We had another long weekend here in France (yay for all the national holidays), so Tyler and I boarded a 1.5h train to Brussels in Belgium. I’m going to start off by saying that Brussels is not my favorite city. If you’re not into all the beers and bikes and fries (like I’m not), then you should probably pick a different place to travel. However, the boyfriend does enjoy those things, so we made a compromise and did a few day trips during our long weekend, including a stop to Bruges, about 1.5 hours by train from Brussels.
Brussels felt sparse and somewhat unalive (unfortunately our French friend said the vibe has changed since the terrorist attacks). On the other hand, Bruges has cute homes, is full of autumn colors, and has many people wandering along the cobblestone roads peeking into shops. It is definitely more like my kind of place.
As soon as we got off the train, it was apparent we had entered the Flemish-speaking part of Belgium. Both French and Dutch are the national languages of this country, with the former being more popular in the South (closer to France) and the latter more prevalent in the North. Everyone seemed to speak both languages (and some English). I find it so impressive that nearly everyone I meet in Europe speaks at least 2 languages, with many able to switch between even 3-4. I only grew up with English.
Because it’s such a charming town, it’s also full of tourists and you’ll get run over by one of the many horse-drawn carriages if you don’t watch out. This also means lots of horse poop, so watch out for that too! Bruges is so small, you can cross the entire city by foot in just under 30 minutes. Despite all the tourists, it still felt quaint and safe.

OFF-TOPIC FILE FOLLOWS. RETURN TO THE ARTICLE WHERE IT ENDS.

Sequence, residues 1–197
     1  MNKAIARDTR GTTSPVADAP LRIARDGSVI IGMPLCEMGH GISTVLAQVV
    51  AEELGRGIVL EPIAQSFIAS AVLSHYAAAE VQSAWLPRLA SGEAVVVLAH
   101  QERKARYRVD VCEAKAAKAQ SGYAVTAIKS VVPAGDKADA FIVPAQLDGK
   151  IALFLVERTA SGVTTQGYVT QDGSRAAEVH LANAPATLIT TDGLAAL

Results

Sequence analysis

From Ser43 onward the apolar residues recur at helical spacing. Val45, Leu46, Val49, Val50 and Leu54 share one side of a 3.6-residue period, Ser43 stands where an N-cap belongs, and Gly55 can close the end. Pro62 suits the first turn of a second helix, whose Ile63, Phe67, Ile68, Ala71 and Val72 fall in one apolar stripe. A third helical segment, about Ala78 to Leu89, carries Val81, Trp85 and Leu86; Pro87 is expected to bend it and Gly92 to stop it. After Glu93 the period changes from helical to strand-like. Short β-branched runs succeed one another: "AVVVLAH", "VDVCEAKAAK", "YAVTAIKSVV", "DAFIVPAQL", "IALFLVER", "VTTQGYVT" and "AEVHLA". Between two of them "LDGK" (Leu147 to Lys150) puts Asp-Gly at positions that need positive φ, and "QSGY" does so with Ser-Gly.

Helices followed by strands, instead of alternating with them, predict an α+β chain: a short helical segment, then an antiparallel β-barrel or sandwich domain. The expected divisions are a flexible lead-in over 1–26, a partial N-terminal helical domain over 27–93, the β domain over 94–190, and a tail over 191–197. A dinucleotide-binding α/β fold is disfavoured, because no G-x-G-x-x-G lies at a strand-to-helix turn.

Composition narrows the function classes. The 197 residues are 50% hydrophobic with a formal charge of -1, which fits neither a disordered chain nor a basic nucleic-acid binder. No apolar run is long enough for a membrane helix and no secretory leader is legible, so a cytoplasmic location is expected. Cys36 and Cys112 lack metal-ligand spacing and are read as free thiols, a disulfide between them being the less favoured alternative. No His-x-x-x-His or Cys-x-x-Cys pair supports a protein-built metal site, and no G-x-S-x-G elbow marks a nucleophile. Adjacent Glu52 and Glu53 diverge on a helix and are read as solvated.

The canals are lined with nice terraces where you can grab a drink and people-watch. Tyler thoroughly enjoyed the beer selection (which was also much cheaper than beer in Paris.) We spent a nice afternoon sitting along the water reading our Kindles. And on the topic of beer, if you’re in Brussels, make sure to hit up Delirium Café, which houses over 4000 beers (highly recommended by our friend Dan).
We also found an adorable café called The Gulliver Tree, where we had a delicious rhubarb tart and hot chocolate. A friendly family of locals sat next to us and asked us what we thought about Belgium so far and gave us restaurant recommendations. Apparently if you find yourself paying more than 3 EUR for a waffle or 5 EUR for beer, it’s a tourist trap.
In case you’re wondering, yup, the chocolate is pretty darn good in Belgium. Especially drizzled on top of one of their famous waffles… We confirm that Maison Dandoy makes the best ones. The difference between regular Belgian waffles vs. Liege ones is that Liege waffles have sugar inside them and are extra sweet and caramelized. Mmm so good.
Bruges is also known for being an incredibly romantic spot. On the city map, there are little hearts drawn to indicate good places to smooch your loved one. We saw many couples, young and old, hand in hand, exploring the little town.
Overall, Bruges (along with another cute town called Gent in my next post) is very nice to visit if you happen to already be nearby, but given my preferences, I wouldn’t go out of my way to recommend the Brussels area compared to other places on my European travel list.